“My experience from working with investors and wealthy residents in Monaco is quite simple,” Mann said. “They do not trust financial advisors — banks or otherwise — and will often stay in cash and pay the costs in deflation. They are aware their wealth came from decisions far superior to those offered to them by financial advisors.”
The markets are behaving oddly, interest rates are rising and there’s continued talk of a looming recession. The 1% have responded by staying in a holding pattern until the clouds clear, even if it means losing purchasing power to inflation and missing out on gains from potentially lucrative real estate deals.
“Control is the main criteria in their investment strategy,” Mann said. “They would rather stay in cash or invest in a brick-and-mortar project such as existing real estate, where they have a charge over the property entirely. Property development is frowned upon unless this super-rich clientele has some sort of control over the exit strategy of the development. If they do place their wealth in any venture seen to be more speculative, it is sure to be a very small percentage of their overall wealth. Capital preservation and control is the main approach to the investment strategy of those nine- and 10-figure individuals in Monaco.”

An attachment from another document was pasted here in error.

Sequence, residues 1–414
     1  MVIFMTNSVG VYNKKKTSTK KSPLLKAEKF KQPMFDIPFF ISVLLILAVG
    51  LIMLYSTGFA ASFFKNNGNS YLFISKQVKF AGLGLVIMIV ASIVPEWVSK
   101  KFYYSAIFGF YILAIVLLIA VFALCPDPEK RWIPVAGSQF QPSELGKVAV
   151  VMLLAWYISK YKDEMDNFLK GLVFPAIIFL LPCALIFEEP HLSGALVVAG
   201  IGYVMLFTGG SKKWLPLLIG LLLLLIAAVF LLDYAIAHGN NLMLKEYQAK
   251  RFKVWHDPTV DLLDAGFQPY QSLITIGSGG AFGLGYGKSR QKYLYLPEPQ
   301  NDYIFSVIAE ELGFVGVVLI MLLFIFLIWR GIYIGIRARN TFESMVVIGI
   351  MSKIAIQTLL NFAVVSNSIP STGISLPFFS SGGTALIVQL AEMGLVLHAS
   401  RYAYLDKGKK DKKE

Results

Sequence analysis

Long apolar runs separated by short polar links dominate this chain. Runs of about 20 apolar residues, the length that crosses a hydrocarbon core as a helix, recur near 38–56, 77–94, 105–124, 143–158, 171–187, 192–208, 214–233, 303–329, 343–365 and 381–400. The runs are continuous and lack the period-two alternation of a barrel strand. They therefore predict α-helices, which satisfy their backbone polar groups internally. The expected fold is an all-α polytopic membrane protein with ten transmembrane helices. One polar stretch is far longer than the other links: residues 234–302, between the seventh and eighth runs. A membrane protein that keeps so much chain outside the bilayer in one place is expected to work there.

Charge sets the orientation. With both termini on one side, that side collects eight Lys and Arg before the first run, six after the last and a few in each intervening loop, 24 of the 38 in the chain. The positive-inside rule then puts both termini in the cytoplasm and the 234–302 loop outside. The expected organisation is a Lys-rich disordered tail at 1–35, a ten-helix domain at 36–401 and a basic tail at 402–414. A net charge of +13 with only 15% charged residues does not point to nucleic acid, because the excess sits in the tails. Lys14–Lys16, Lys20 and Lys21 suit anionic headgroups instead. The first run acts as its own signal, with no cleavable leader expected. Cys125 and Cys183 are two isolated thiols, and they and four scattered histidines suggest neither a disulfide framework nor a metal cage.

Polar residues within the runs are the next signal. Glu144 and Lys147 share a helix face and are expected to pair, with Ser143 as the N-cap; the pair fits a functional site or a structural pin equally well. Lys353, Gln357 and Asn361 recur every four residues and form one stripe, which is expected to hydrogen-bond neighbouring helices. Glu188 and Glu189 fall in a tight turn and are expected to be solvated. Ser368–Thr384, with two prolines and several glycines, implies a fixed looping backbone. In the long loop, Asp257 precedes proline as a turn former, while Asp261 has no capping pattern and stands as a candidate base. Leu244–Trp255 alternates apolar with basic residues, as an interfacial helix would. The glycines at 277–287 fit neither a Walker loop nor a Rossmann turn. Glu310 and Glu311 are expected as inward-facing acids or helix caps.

Aaron Cirksena is the founder and CEO of MDRN Capital, a retirement planning and investment advisory firm focused on investment management, income and tax planning, healthcare and Medicare planning, and legacy and estate planning.
Like Mann, his clients have been cautious in 2023 — they, too, are concerned with defending their principal above all else. The difference is that they’re not comfortable simply hoarding cash.
“Whether from the very wealthy $5-million-to-$10-million-plus crowd, or even our more typical retirees in the $1 million to $3 million range, we have seen an increased desire to protect portfolios,” Cirksena said. “Whether that means using money market funds — or, in many of our clients’ cases, uncapped fixed indexed annuities with no fee — there has been a large desire to protect capital after we’ve had a bit of a recovery from the market downturn last year.”
The other big trend Cirksena has seen is a desire among the monied class to get out of underperforming bond portfolios.
“We’ve coached clients on this for the last 10 years,” he said. “They’ve been paying fees in many cases for half of their portfolios to lose money in bonds. Last year simply ripped the mask off that side of their portfolios as both equities and bonds declined severely. Again, as an alternative, we have used both money market accounts and uncapped fixed indexed annuities with no fee for our high-net-worth clients, as it has provided them with reduced fees, increased upside potential and full principal protection versus bonds.”
So, what does all that mean for garden variety investors who don’t have positions in uncapped fixed indexed annuities?
“The biggest thing regular people can learn from these items is to pay attention to what they own in their portfolio and understand how their investments will react in different environments,” Cirksena said. “Don’t simply go with the status quo because it worked well in the past as the future could look very different — and don’t wait to make adjustments until we are in the midst of another downturn.”